New Tires Receive
Our trained experts will make sure that your new tires are mounted safely.
Included in your service:
- Remove the old tires
- Mount and seal the new tires
- Inflate and balance each tire
We will handle the disposal of your old tires making sure that scrap tires are disposed of properly and with respect for our environment.
Tire valves will be inspected and replacement recommended if any cracking appears. Rubber deteriorates over time and tire valves are not expected to last beyond the life of two standard tires in normal service. As a rule of thumb, the industry recommends replacing tire valves whenever new tires are installed.
New tire installation includes balancing. Tires should be balanced each time they are mounted on a wheel, for example after installation of a new tire, or remounting a tire after a proper flat repair.
Properly balanced tires are important for driving comfort and long tire life. As tires wear, the balancing characteristics may change leading to a vibration that develops over time. Tires should be re-balanced at the first sign of vibration or "shimmy". An unbalanced tire can cause vibration, resulting in driver fatigue, premature tire wear and unnecessary wear to your vehicle's suspension components.
New tires include free inspection by our trained personnel.
When you can't get to the shop and you need to do-it-yourself, try the "Penny Test". Grab your spare change and follow these 3 easy steps:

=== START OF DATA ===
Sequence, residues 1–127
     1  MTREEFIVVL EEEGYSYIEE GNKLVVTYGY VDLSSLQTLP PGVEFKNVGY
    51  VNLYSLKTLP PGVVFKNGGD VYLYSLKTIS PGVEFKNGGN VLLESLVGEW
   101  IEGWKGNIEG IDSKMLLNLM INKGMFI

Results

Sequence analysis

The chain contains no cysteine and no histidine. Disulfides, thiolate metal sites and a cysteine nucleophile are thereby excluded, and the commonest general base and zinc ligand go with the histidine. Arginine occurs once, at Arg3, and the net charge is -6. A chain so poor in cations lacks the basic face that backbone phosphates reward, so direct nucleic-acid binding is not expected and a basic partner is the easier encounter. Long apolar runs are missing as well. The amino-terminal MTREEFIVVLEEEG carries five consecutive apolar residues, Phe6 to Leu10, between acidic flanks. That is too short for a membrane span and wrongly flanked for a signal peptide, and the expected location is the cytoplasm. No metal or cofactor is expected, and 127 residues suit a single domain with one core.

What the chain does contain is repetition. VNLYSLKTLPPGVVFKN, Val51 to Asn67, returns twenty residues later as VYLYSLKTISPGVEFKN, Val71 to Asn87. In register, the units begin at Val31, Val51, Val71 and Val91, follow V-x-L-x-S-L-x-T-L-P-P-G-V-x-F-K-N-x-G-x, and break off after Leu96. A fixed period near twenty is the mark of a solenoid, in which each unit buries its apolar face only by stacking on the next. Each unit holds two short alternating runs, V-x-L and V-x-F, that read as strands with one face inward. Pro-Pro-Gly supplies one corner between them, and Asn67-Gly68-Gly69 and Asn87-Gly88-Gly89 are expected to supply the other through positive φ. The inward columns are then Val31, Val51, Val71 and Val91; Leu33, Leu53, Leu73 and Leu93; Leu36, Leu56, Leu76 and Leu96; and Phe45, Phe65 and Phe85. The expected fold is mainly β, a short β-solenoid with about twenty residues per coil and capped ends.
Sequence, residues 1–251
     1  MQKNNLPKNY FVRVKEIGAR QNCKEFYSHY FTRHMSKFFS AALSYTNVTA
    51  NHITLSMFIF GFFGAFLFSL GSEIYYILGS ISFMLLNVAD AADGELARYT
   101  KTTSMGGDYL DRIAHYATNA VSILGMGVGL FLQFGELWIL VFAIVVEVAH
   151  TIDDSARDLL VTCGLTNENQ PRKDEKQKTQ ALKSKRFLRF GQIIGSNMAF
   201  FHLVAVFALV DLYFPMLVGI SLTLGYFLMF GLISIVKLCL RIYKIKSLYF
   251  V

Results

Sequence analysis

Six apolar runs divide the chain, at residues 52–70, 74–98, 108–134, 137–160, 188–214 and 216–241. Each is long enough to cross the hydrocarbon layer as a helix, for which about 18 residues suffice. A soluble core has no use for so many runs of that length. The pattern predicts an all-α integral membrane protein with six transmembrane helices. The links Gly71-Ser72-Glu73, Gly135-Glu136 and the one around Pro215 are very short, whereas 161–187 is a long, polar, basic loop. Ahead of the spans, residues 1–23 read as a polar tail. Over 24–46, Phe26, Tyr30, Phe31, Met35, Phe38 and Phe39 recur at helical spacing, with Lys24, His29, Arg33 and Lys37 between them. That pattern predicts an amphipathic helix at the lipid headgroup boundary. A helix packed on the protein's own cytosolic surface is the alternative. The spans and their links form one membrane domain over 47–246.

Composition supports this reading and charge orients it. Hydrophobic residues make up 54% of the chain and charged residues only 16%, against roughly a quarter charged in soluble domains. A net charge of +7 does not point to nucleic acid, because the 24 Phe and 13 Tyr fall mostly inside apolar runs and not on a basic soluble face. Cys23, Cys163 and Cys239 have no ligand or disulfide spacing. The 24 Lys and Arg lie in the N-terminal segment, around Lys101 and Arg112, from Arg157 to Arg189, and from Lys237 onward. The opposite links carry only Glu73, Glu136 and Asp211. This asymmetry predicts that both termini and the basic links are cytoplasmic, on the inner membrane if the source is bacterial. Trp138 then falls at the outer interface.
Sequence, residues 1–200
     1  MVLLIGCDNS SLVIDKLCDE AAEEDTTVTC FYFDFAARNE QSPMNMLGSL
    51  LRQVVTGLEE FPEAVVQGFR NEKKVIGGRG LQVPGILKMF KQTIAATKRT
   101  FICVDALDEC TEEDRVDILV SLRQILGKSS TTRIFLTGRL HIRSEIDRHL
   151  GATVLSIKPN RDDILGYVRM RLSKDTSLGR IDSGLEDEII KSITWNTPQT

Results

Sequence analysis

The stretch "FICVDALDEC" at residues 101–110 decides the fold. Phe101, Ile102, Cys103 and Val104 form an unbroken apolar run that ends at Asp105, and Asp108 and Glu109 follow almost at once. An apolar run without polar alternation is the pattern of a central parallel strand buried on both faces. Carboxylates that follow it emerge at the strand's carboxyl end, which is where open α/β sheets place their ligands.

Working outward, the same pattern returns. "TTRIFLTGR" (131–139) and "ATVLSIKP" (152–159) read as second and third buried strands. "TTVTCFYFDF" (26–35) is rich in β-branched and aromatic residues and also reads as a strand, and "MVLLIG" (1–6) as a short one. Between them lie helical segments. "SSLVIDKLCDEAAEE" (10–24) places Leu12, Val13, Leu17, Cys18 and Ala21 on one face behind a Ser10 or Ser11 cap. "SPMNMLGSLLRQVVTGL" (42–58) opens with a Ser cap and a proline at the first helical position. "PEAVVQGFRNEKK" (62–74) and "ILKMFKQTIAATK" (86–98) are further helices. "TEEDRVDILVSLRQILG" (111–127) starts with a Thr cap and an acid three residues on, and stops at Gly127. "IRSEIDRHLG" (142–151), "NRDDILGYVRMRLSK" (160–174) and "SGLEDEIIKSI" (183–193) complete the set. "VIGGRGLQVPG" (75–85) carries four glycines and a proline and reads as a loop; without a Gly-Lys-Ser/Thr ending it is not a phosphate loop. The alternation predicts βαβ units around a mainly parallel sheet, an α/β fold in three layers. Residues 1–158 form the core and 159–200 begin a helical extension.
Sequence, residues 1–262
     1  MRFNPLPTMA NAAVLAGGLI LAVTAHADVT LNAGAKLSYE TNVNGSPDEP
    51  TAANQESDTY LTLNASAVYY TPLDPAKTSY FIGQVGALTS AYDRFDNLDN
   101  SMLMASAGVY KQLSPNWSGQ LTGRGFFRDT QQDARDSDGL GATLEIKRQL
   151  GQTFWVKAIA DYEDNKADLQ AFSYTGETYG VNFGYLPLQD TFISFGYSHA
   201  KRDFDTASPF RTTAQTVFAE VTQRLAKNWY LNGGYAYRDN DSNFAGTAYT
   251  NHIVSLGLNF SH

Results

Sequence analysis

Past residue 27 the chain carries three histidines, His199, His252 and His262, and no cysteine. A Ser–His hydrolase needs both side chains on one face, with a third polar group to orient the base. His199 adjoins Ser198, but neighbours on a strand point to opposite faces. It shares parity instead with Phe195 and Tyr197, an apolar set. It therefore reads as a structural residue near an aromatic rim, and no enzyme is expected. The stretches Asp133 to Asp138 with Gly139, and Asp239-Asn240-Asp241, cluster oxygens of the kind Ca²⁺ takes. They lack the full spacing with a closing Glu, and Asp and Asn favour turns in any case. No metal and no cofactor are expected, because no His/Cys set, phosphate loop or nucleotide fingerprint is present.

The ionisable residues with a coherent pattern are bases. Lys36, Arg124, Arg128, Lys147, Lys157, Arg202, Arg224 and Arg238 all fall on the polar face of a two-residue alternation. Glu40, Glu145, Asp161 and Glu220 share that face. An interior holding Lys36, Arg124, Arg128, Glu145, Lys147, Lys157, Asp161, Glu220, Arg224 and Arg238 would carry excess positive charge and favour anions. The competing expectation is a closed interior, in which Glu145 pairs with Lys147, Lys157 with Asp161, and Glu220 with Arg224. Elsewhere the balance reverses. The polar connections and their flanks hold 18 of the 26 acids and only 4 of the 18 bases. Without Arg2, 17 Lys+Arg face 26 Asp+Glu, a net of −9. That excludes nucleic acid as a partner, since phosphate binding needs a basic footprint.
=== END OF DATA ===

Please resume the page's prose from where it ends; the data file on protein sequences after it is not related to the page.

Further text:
- Take a penny and hold Abe's body between your thumb and forefinger.
- Select a point on your tire where tread appears the lowest and place Lincoln's head into one of the grooves.
- If any part of Abe Lincoln's head is covered by the tread, you're driving with the legal and safe amount of tread. If the tread does not reach Abe's head (approximately 2/32 of an inch), your car's ability to grip the road is greatly reduced. Contact us for assistance in replacing the worn tire.
- Purchase a trusted tire pressure gauge.
- Check tire pressure when tires are cold.
- Insert pressure gauge into the valve stem on your tire. The gauge will “pop” out and show the current tire pressure PSI.
- Compare the current PSI to the recommended PSI found on the sticker inside the driver’s door of your vehicle or in the owner’s manual. DO NOT compare it the max PSI on your tire’s sidewall*.
- If the current PSI is higher than the recommended PSI number, let some air out of the tire until the numbers match. If the current PSI is less than the recommended PSI, add air until it reaches the recommended PSI.